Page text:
it to him. Some parts of Nelly’s story are narrated by other characters, such as when Nelly receives a letter from Isabella
and recites its contents verbatim.
Point of view · Most
of the events of the novel are narrated in Nelly’s voice, from Nelly’s point of view, focusing only on what Nelly
can see and hear, or what she can find out about indirectly. Nelly frequently comments on what the other characters think
and feel, and on what their motivations are, but these comments are all based on her own interpretations of the other characters—she
is not an omniscient narrator.
Tone · It
is not easy to infer the author’s attitude toward the events of the novel. The melodramatic quality of the first half
of the novel suggests that Brontė views Catherine and Heathcliff’s doomed love as a tragedy of lost potential and wasted
passion. However, the outcome of the second half of the novel suggests that Brontė is more interested in celebrating the renewal
and rebirth brought about by the passage of time, and the rise of a new generation, than she is in mourning Heathcliff and
Tense · Both
Lockwood’s and Nelly’s narrations are in the past tense.
Setting (time) · The
action of Nelly’s story begins in the 1770s; Lockwood leaves
Yorkshire in 1802.
Setting (place) · All
the action of Wuthering Heights takes place in or around two neighboring houses
on the Yorkshire moors—Wuthering Heights and Thrushcross Grange.
Protagonists · Heathcliff,
Major conflicts · Heathcliff’s
great natural abilities, strength of character, and love for Catherine Earnshaw all enable him to raise himself from humble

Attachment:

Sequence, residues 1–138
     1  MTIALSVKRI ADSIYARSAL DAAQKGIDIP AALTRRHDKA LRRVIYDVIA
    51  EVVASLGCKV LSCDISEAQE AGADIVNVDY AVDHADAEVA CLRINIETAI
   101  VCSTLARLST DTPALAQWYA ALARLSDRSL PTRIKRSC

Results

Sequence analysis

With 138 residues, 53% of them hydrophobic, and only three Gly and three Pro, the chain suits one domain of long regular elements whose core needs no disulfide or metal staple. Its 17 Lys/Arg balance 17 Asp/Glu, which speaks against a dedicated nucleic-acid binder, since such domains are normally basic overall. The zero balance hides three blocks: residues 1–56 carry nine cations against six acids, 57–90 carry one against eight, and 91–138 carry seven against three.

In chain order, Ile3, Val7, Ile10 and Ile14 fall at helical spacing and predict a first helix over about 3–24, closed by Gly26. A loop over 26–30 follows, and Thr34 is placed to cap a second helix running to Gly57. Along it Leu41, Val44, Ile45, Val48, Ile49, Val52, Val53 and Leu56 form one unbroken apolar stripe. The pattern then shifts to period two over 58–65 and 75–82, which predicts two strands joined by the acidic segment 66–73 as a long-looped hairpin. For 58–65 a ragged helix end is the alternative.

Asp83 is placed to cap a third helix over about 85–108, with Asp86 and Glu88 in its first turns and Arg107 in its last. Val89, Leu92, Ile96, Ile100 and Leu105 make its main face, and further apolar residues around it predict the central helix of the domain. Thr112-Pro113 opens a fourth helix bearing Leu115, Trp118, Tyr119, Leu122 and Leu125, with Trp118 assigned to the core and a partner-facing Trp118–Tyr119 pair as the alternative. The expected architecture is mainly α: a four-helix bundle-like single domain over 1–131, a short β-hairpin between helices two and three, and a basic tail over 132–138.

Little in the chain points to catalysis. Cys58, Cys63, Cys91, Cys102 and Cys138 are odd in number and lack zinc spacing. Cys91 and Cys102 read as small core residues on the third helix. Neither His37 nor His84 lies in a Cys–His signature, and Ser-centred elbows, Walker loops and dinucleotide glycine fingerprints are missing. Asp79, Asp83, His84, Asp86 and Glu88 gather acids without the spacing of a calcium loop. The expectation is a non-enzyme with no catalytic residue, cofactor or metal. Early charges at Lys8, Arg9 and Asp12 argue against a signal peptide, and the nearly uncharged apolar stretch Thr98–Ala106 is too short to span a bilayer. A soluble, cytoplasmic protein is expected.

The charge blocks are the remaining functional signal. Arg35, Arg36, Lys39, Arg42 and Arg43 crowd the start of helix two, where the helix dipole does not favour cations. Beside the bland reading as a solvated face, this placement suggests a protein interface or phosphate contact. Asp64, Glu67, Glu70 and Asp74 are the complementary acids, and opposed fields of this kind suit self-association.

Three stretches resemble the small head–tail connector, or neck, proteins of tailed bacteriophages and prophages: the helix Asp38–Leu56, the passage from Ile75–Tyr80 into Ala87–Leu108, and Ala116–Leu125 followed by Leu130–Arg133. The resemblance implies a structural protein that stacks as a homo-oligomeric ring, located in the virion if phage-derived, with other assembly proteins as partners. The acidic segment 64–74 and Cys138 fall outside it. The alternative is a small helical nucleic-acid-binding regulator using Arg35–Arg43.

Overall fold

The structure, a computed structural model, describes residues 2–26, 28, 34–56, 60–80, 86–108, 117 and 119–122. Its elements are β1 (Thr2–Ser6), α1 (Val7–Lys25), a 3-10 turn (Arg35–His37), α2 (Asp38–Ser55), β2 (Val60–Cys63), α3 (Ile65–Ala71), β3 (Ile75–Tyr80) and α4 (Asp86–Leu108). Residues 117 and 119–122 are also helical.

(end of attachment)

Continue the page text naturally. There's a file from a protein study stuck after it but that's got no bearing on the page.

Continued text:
beginnings to the status of a wealthy gentleman, but his need to revenge himself for Hindley’s abuse and Catherine’s
betrayal leads him into a twisted life of cruelty and hatred; Catherine is torn between her love for Heathcliff and her desire
to be a gentlewoman, and her decision to marry the genteel Edgar Linton drags almost all of the novel’s characters into
conflict with Heathcliff.
Rising action · Heathcliff’s
arrival at Wuthering Heights, Hindley’s abusive treatment of Heathcliff, and Catherine’s first visit to Thrushcross
Grange set the major conflicts in motion; once Heathcliff hears Cathy say it would “degrade” her to marry him,
the conversation between Nelly and Cathy, which he secretly overhears, drives him to run away and pursue his vengeance.
Climax · Catherine’s
death is the culmination of the conflict between herself and Heathcliff and removes any possibility that their conflict could
be resolved positively; after Catherine’s death, Heathcliff merely extends and deepens his drives toward revenge and
Falling action · Heathcliff
destroys Isabella and drives her away, takes possession of young Linton, forces Catherine and Linton to marry, inherits Thrushcross
Grange, then loses interest in the whole project and dies; Hareton and young Catherine are to be engaged to be married, promising
an end to the cycle of revenge.
Themes · The
destructiveness of a love that never changes; the precariousness of social class
Motifs · Doubles,
repetition, the conflict between nature and culture
Symbols · The
Foreshadowing · Lockwood’s
initial visit to Wuthering Heights, in which the mysterious relationships and lurking resentments between the characters create
an air of mystery; Lockwood’s ghostly nightmares, during the night he spends in Catherine’s old bed, prefigure
many of the events of the rest of the novel.